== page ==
Luke B | May 20, 2013 | 0
Franz Kafka’s – The Trial at Young Vic
This week I was lucky enough to attend a preview of Kafka’s classic, ‘The Trial’ at the Young Vic
The Trial has always been one of Kafka’s best-known works. Published in 1925, the existential crisis at its heart is as relevant today as it has always been.
This adaptation succeeds in both welcoming the audience with its open plan courtroom set up and use of the fourth wall; whilst simultaneously ostracising them with the use of the open plan set, clearly encroaching on the privacy of Josef K and the other characters.
There is not one second where you do not believe his plight at being on trial for an undisclosed crime. I found myself truly believing his arrogance at the beginning and equally his despair when he finally realises that his case is hopeless. Rory plays Josef K as the great anti-hero, one who does not realise the true peril of his situation until the case is well under way and has essentially already been lost. The guilt he displays over his sexual misdemeanours as a child add to the discomfort of the audience as he explains in great detail these perceived crimes, which in truth accumulate to no more than misguided sexual experimentation.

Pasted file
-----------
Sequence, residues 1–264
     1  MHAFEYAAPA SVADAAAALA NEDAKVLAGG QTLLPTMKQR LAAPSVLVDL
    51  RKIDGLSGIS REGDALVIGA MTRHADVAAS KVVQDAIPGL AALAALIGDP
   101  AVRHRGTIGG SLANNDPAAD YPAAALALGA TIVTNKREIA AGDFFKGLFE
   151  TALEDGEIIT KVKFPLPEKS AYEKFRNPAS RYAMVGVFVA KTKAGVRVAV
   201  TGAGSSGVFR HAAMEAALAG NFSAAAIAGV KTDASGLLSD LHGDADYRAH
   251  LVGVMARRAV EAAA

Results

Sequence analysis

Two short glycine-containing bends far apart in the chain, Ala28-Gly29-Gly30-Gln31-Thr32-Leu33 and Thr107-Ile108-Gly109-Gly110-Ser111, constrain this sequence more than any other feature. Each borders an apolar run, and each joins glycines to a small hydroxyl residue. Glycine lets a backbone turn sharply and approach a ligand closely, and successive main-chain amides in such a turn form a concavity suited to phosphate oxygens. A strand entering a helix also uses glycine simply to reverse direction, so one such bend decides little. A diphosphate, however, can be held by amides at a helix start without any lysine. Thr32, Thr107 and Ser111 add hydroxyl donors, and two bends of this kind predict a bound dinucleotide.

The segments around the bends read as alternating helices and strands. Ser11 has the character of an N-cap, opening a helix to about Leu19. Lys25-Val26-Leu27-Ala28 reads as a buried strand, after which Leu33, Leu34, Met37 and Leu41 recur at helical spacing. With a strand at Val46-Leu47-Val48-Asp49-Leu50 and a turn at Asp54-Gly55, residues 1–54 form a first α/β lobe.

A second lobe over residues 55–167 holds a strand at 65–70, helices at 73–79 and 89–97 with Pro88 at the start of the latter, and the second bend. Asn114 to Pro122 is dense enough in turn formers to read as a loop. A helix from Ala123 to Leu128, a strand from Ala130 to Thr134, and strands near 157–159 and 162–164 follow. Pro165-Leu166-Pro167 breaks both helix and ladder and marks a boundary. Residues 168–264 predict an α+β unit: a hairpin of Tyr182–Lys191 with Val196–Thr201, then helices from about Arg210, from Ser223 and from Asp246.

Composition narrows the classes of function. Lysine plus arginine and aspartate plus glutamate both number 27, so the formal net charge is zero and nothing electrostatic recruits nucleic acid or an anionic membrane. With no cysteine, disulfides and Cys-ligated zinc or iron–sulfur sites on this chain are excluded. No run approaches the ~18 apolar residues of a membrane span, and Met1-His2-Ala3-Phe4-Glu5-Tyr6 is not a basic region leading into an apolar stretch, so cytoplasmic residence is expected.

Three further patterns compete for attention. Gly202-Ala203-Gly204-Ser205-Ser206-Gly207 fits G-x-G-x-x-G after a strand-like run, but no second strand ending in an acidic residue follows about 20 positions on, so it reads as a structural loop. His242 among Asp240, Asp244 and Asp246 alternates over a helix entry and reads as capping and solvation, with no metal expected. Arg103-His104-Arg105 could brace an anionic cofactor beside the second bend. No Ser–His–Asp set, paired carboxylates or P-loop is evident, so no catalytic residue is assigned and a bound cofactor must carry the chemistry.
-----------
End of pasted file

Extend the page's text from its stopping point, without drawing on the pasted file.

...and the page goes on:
The set designer Miriam Buether uses a simple courtroom setting with the audience seated as the jury in plywood rows viewing the action as if Josef K really were on trial. When I initially sat I was concerned that the stage would be too high, as I was seated in the front row, causing me to leave with a crick in my neck. But the instant the play began, the true nature of the stage became apparent. Clever usage of a large keyhole, wall-less doors and a travelator made for an effective use of space and a quick set change. The slamming of the doors only led to the further alienation and discomfort of the audience.
Overall this production was a great version of this classic play, tapping into the absurd nature of societal rules and regulations that we all experience in our day to day lives in an extremely believable way. Well put together and executed, this promises to be a big success. And with the recent spate of productions from the Young Vic making their way to the West End (Dolls House, View from a Bridge, Scottsboro Boys) I’d be surprised if ‘The Trial‘ wasn’t next on the list to progress.